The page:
(AP) - Crude oil prices rose Monday as escalating fighting between Israel and militants in Lebanon created more geopolitical uncertainty in a market already jittery over volatility in producing countries.
Light, sweet crude for August delivery gained 50 cents to $77.53 a barrel in Asian electronic trading on the New York Mercantile Exchange, midmorning in Singapore, reports Trend.
The contract reached an intraday record of $78.40 a barrel Friday before settling at an all-time closing high of $77.03.
Gasoline futures rose 1.01 cents to $2.335 a gallon Monday while heating oil prices added 1.65 cents to $2.0925 a gallon. Natural gas prices fell 19.7 cents to $6.150 per 1,000 cubic feet.
Fighting between Israel and militants in Lebanon, which escalated over the weekend, raised fears of a possible full-blown war in the Middle East.
Analysts said the violence was driving oil prices higher though it had no direct effect on oil supplies because it added more nervousness to a market already placed on edge by strong global demand and a tight supply cushion.
"Oil prices are higher because the conflict between Israel and Lebanon worsened over the weekend, and though that obviously doesn't have any direct impact on physical oil supply, people are having trouble seeing where this all ends," said Tobin Gorey, a commodity strategist with the Commonwealth Bank of Australia in Sydney.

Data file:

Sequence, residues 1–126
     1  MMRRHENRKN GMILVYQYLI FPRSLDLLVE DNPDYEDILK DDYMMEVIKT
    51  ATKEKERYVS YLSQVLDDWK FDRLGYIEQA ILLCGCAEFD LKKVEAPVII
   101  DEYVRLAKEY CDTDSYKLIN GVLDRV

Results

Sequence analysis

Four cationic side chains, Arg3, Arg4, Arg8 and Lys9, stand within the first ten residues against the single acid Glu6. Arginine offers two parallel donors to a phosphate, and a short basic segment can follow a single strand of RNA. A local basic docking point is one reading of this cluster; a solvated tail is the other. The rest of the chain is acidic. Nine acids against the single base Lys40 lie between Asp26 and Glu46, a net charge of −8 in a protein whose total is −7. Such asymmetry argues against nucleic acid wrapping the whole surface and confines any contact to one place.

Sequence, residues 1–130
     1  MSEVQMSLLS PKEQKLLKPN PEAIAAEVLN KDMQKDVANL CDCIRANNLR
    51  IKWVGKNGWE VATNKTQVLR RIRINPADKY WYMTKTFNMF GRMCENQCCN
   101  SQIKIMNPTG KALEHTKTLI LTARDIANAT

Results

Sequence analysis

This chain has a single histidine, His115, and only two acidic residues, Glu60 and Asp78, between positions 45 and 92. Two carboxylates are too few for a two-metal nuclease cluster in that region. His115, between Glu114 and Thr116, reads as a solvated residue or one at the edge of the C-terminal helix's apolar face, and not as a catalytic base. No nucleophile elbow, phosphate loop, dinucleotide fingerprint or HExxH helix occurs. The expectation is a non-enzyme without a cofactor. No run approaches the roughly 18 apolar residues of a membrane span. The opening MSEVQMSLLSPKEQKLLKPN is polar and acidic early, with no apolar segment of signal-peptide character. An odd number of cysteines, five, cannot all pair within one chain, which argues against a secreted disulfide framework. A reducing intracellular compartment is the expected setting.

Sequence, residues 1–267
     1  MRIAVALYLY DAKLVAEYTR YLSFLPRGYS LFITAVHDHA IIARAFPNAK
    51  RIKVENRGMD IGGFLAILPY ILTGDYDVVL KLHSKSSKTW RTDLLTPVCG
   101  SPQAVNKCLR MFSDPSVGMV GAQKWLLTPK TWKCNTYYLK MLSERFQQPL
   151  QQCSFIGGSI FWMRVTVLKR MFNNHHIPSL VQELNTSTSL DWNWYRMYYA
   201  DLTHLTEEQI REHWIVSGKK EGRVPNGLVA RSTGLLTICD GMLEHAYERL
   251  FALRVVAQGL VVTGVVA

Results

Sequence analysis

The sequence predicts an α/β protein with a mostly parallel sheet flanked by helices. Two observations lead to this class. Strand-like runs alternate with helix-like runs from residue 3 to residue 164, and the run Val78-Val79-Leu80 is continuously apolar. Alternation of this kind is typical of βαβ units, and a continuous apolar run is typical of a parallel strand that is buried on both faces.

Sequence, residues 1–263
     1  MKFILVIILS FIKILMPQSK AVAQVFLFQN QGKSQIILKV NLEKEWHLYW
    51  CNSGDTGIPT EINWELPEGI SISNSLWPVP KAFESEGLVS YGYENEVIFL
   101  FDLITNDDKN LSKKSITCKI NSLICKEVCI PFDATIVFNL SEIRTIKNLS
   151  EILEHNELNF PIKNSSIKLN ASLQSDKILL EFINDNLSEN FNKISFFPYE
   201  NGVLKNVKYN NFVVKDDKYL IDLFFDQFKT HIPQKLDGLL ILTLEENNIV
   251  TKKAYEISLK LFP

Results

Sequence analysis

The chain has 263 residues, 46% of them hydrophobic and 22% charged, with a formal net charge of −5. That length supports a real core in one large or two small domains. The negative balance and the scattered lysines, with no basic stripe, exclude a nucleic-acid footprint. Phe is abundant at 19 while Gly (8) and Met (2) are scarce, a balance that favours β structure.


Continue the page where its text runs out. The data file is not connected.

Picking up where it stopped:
Israel lobbed missiles at targets in all corners of Lebanon early Monday, killing 13 and wounding 53 in a surge of reprisals after Hezbollah rockets slammed into new targets deep inside Israel.
Both Israel and Hezbollah signaled over the weekend that their attacks would only intensify in an already brutal fight that has killed at least 174 in Lebanon and 23 in Israel.
Hezbollah on Sunday launched missile attacks on the Israeli city of Haifa after attacking an Israeli warship Friday night.
Israel has said one of the missiles in the Haifa attack came from Syria and said Iran had helped Hezbollah fire a sophisticated radar-guided missile at the Israeli warship.
Fearing the violence could spiral out of control, world leaders meeting in St. Petersburg produced a framework to end the crisis, and a U.N. envoy landed in Beirut for talks. The Group of Eight industrialized nations expressed concern over "rising civilian casualties on all sides" and urged both sides to stop the violence.
The fighting comes amid persistent oil market anxieties about the West's nuclear standoff with Iran, threats of supply disruptions in Nigeria and the Gulf of Mexico hurricane season. Last year, hurricanes Katrina and Rita devastated oil and natural gas production in the Gulf of Mexico.